If one googles `Armond White Revanche', White's excellent essay `Revanche: Revival of the Fittest' may easily be found on The Criterion Collection's website.

So just a few thoughts.

It's been universally lamented that though The Criterion Collection's editions of films are technically superb, the prices are simply too high for comfort. Used copies are sometimes an option.

In any case, this is a great transfer (1.85:1) of a remarkable 2008 film.
Is it a thriller? a film noir? a drama? a tragedy?: indeed it well combines elements of these.

The direction, cinematography, and editing deserve special credit.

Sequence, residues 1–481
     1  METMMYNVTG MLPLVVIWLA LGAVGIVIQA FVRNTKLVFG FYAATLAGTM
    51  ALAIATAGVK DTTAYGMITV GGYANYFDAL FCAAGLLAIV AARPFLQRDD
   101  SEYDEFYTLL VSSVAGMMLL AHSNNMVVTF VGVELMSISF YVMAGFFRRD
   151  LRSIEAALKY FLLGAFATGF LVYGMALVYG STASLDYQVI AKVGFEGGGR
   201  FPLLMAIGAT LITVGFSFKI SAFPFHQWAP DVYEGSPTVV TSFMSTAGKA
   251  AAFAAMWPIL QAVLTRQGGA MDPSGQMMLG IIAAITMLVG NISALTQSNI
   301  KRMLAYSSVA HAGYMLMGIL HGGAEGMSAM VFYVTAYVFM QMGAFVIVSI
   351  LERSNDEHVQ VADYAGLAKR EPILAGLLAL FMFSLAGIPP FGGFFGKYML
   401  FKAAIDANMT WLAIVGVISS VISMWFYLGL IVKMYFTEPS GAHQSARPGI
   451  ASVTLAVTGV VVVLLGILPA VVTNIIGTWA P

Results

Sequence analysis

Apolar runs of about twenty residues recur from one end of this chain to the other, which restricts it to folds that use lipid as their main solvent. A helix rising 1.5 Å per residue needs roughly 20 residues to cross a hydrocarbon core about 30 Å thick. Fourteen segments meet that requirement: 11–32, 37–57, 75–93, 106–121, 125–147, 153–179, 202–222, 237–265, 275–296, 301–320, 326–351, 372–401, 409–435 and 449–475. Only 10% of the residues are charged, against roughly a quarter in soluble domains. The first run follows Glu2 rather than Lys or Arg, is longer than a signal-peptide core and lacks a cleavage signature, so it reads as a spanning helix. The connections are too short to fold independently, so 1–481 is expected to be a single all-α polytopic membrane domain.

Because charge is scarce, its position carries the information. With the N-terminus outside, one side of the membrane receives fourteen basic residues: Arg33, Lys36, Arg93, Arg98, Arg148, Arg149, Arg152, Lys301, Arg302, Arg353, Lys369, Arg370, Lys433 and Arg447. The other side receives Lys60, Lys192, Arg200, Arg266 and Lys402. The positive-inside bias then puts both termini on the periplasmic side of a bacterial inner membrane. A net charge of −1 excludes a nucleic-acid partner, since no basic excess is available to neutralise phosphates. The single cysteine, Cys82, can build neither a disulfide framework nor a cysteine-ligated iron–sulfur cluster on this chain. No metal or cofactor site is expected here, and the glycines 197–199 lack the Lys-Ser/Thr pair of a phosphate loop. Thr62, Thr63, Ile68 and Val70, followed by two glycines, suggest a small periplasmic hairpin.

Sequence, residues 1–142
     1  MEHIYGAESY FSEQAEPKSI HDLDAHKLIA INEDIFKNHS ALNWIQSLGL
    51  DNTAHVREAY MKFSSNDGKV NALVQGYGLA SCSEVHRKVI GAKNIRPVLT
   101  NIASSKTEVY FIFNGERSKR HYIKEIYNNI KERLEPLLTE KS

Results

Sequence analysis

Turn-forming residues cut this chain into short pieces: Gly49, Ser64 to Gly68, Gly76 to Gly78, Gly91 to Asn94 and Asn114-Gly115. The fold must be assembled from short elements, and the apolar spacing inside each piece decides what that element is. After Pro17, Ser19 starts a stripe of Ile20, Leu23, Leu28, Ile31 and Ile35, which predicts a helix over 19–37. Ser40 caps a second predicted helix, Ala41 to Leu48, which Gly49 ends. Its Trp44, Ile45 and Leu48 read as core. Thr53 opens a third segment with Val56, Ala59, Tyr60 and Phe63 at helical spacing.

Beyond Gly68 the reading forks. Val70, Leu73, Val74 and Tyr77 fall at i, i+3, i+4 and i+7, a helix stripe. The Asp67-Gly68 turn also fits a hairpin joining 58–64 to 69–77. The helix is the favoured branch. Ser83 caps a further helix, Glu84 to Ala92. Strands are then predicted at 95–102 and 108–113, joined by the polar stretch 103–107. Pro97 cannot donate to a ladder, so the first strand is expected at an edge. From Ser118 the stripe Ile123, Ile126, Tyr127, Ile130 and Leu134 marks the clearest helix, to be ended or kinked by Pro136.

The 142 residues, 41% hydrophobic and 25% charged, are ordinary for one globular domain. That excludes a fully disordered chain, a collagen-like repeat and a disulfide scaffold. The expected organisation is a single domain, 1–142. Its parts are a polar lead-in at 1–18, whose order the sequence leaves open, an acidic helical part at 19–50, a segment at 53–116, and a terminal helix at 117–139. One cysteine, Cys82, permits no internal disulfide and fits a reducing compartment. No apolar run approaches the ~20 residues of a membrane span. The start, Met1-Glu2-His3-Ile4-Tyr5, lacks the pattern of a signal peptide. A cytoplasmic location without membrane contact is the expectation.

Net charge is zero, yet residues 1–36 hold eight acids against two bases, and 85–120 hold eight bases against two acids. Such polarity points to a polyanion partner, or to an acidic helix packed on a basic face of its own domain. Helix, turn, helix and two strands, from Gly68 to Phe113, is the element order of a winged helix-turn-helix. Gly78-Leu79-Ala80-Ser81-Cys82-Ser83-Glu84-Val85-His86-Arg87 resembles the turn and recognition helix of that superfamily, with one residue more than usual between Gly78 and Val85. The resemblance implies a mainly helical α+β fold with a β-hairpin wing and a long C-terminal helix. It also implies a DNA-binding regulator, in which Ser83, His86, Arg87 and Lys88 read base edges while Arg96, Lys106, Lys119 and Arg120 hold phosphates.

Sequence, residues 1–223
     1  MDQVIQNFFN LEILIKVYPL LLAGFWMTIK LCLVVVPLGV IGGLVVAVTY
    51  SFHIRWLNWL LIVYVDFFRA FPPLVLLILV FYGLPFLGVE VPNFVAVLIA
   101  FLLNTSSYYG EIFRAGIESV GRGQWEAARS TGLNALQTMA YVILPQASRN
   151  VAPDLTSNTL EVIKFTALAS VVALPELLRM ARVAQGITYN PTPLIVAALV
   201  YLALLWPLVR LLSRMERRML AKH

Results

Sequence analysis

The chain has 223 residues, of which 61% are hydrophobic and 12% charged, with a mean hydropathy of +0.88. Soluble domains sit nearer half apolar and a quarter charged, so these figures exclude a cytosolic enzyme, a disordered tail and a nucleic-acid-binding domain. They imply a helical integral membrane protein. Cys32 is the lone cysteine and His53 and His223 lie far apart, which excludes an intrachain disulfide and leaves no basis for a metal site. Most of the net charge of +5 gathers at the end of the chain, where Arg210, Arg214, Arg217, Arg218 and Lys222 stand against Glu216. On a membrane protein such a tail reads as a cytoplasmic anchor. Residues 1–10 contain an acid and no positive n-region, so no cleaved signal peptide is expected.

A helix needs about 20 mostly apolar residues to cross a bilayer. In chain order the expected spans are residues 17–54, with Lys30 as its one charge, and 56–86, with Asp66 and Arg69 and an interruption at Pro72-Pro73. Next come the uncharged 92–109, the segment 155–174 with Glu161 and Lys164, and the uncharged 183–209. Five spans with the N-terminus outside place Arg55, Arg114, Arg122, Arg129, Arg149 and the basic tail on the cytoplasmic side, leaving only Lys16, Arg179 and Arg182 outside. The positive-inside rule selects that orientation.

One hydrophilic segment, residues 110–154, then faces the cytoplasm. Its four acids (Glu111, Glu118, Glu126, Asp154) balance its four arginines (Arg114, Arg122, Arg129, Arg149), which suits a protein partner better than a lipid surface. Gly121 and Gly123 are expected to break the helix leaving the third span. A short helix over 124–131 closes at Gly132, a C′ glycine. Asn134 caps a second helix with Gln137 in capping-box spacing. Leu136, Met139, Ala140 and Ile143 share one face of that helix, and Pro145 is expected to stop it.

For the film is absolutely visually stunning--mesmerizing, even. (Too, the sound is good--though it's a `quiet' film sans soundtrack.)

Though a couple of the actors are basically type-cast, the acting itself is splendid all-round--(Ursula Strauss and Hanno Pöschl are famous in Austria).

The story is realistic beyond conventional aesthetic Realism = i.e., Naturalism.
The director (Götz Spielmann) is also the writer which gives the film a terrific unity: indeed, the narrative is constructed with much symmetry which lends the film an aspect of the classical Greek drama.
Spielmann is an artist sensitive to the quandaries of the human condition, genuine passion, and ontological depth to an extent that shames shallow people.

An additional feature of the film is the sound of Austrian patois which is quite distinctive amongst German speakers.

Recommended.

*
Search Customer Reviews
Only search this product's reviews

Look for similar items by category


Feedback